LGBTQ Movie Review: ‘Building A Bridge’

Ashley Amber
3 min readSep 26, 2023

Building A Bridge is a beautifully crafted documentary of not only the work of Father James Martin, but respectfully showcases the work of the other side; those in the Catholic church who oppose the LGBTQ community and how vocal they are with their hate for both the community and for Father Martin.

Photo by Alexander Grey on Unsplash

I was hooked by the first few minutes of the film when they compare the growth of Father Martin’s Spring flowers to the growing acceptance of the LGBTQ community in the Catholic church, calling it an “early Spring.”

Throughout the film, Father James Martin discusses the need to build that bridge between the two communities with both poise and moments of comic relief. To the tune of beautiful, uplifting scores by Teddy Abrams and Nathan Farrington, the film takes a powerful approach by juxtaposing the Catholic church’s derogatory vocalization toward the LGBTQ community with footage of Pride festivals and rainbow flags.

With a few twists and turns along the way, Building A Bridge lets viewers in on Father Martin’s journey from devastation to inspiration by the 2016 Pulse Nightclub shooting in Orlando, the basis behind his book of the same title and the challenges faced within the church during that time. “Even in death, these people were largely invisible to the church,” Father Martin says of the Pulse victims.

The film goes on to follow the life of one of Father Martin’s biggest opposers, who Father Martin admits he prays for despite the man’s incessant hate, even showing a time when the man compared loving LGBTQ people to loving murderers, a moment in the film that left me speechless.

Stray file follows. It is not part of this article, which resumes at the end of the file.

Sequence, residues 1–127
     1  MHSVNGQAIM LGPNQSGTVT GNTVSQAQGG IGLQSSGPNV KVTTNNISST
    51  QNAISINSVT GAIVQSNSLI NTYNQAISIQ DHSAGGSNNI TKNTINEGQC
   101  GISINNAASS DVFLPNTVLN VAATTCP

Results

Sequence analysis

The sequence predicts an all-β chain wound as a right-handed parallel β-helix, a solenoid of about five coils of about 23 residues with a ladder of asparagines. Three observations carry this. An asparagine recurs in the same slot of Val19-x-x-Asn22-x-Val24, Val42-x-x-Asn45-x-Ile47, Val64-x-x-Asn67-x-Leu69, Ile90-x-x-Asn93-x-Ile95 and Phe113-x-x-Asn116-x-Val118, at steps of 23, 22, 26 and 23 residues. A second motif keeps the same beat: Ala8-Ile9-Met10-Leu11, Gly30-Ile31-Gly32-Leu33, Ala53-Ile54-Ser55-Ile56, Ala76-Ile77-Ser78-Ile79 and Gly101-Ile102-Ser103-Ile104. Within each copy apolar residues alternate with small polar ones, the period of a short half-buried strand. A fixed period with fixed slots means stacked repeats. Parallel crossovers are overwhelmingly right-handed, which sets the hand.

Rightfully depicting Father Martin as the Catholic LGBTQ bridge that he is

While Father Martin isn’t fearless — stating at one point that he’s uncertain about attending Pride festivals at the risk of being photographed with anything that’s pro-same-sex marriage because he’s “not supposed to” support it — the film catches many encounters on camera when he’s shaking hands and speaking with LGBTQ Catholics and allies that he and his book have helped, rightfully depicting Father Martin as the Catholic LGBTQ bridge that he is.

For me, the biggest part of this film was the way it didn’t push Catholicism, but expanded a warm welcome from the LGBTQ community to the church, and vice versa. As someone who was a born-and-raised Catholic-turned-agnostic, I appreciated the notions of acceptance and community without feeling pressured into any other ways of thinking. Like one woman in the film told Father James Martin: her friends love him, and they’re friends who don’t believe in anything.

Building A Bridge tackles everything from a mother of a Pulse shooting victim and her shaken faith, to an LGBTQ teen who feels he has to “leave the rainbow flag at the door” when he arrives at church, to all of the online and in-person hate Father James Martin receives on a daily basis for his advocacy.

As an LGBTQ person who has left most of my faith behind me, I found this film to be hopeful

As an LGBTQ person who has left most of my faith behind me, I found this film to be hopeful. I encourage everyone to watch this — whether you’re LGBTQ or an ally, Catholic or of another religion — as it’s a positive step toward building the bridge that these churches desperately need.

Thank you to Lucky and the Building A Bridge team for offering me an early screener in exchange for my honest review.